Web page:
A strangely attractive approach to tourism & travel

When you think of the world that we live in there is a constant hum of noise, flickering of lights and vibrations from our devices.

Has our technology got the better of us? Are we now slaves to the unlimited resources that we have at finger tips? Is being connected 24/7 really the solution that is going to make us happy? Three regularly asked and debated questions.

As we pondered these questions, we quickly came to realise that our own life experiences had rarely accounted for being “disconnected”.

So who can you turn to when culturally, whether we like it or not, we are constantly connected to news, advertising and messaging?
Herbert Ypma. In my personal opinion, the most well traveled man on the planet. As founder of HIP Hotels, he has traveled the world in search of the most unique and interesting places on the planet.

His stories have regularly blown my mind! Herbert’s true talent lies in finding the most enjoyable, interesting and secret places to see, scoff and stay.

So when I asked if he would be interested in writing about tech in the environment, he wasted no time in spinning it on its head. It seems that sometimes the best experiences in life have nothing to do with technology…

“There’s a place on Mexico’s Pacific Coast called Hotelito Desconocido . It consists of a dozen or so palafitos – traditional thatched roof shacks siting on wooden stilts – surrounding a breathtakingly beautiful lagoon. The crashing waves of the Pacific and untouched stretches of powdery sand are just beyond the lagoon’s still waters and each palafito comes with its own wooden row boat to allow guests to row to the beach.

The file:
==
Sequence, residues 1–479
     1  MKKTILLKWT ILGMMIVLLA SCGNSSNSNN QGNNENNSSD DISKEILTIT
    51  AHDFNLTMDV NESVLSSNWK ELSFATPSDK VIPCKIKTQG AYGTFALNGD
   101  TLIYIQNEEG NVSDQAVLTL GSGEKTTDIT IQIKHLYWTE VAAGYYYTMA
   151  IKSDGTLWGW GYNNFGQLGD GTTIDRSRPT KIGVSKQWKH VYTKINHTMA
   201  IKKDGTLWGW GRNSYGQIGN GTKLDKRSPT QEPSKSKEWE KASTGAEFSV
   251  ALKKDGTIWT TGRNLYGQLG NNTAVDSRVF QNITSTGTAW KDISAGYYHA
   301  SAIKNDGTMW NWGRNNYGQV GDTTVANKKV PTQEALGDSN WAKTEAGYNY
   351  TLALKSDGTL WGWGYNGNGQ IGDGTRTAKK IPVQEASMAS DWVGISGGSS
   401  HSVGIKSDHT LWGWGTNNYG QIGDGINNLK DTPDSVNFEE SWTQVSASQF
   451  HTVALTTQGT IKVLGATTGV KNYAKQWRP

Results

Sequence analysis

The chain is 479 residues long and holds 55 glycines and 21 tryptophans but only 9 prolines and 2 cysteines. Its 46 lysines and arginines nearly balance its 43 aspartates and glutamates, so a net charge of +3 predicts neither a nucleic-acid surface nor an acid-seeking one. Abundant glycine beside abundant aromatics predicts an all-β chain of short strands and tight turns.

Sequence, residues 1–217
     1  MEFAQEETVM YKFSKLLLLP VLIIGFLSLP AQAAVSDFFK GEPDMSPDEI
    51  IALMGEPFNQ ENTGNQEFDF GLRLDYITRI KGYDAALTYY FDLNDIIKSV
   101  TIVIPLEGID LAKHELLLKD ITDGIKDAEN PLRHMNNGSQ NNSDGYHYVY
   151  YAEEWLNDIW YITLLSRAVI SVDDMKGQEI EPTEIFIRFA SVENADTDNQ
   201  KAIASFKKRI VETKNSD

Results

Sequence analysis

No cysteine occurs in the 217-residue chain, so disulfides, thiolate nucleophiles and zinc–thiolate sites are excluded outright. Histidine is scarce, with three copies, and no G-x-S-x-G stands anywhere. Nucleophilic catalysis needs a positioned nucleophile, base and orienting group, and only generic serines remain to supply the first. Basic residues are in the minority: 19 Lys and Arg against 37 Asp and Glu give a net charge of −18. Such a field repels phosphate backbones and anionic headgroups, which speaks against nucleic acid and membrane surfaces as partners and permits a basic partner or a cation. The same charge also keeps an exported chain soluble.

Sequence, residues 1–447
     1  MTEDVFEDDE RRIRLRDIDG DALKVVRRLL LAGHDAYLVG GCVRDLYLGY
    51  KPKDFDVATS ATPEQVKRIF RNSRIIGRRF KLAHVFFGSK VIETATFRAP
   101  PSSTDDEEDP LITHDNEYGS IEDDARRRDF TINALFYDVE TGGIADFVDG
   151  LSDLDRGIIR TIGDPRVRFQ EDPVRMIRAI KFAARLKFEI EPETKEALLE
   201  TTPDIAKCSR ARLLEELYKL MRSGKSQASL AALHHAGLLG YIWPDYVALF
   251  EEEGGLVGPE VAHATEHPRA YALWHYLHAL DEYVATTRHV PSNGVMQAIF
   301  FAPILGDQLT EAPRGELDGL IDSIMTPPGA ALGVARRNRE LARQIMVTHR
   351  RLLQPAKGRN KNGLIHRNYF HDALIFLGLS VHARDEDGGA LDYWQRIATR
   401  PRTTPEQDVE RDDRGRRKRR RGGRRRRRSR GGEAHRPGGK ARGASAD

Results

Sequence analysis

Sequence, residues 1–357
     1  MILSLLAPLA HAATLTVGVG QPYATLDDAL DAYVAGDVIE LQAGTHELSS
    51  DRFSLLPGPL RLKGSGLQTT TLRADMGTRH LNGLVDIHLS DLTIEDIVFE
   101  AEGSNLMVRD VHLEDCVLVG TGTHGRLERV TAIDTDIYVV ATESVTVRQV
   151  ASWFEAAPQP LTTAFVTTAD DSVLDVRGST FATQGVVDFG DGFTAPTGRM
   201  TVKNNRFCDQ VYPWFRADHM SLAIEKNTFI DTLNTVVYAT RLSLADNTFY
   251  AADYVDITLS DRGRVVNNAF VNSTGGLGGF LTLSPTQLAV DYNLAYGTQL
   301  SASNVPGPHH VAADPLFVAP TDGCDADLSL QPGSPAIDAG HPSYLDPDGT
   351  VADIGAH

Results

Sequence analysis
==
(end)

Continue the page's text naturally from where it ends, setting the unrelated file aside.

It’s an idyllic spot where the surroundings are totally untouched and totally undeveloped; with nothing but wild jungle and wild beaches as far as the eye can see.

To stay in step with this pristine state of nature, Hotelito Desconocido offers no mod cons.


No internet, no wifi, no phones, no air conditioning, and …. no electricity.

At night there are simply lots of candles, and an ocean breeze wafting through your shack to keep you cool.

It’s a romantic place, without a doubt, but what is most fascinating about this exquisite“ off the grid” escape is the effect it has on the guests. At night, over the course of a magic dinner served in a pavilion on the lagoon – a sparkling candlelit space made of massive tree trunks and a soaring thatched roof – one of the guests, a high flying banker from New York, summed up his experience of Hotelito in vivid, almost poetic fashion .

“ When I first got here“, he confessed with wide eyed honesty,

“ I broke out in a cold sweat! I was terrified! It was the first time I could remember that I was without my phone, without social media….without news from the outside world . I was convinced I wouldn’t last! I couldn’t do it and in my mind I was already planning to leave.”

“But then I had my first dinner under the stars, I slept my first night without the humming of an air-conditioner and the flashing lights of my various chargers, I walked on the beach at dawn, without having to set an alarm, I went days, I think for the first time in my life, without being anywhere near a pair of shoes or anything that operates on electricity.

It was nothing short of a revelation”, he emphasised with total conviction.

“I transformed”, he continued, “into a thirteen year old Boy Scout without a worry in the world.”, and then he paused to deliver the most powerfully persuasive sentence I have ever heard regarding travel and tourism:

“ I ask you”, he said “how much is it worth to feel like a kid again”.


Herbert Ypma

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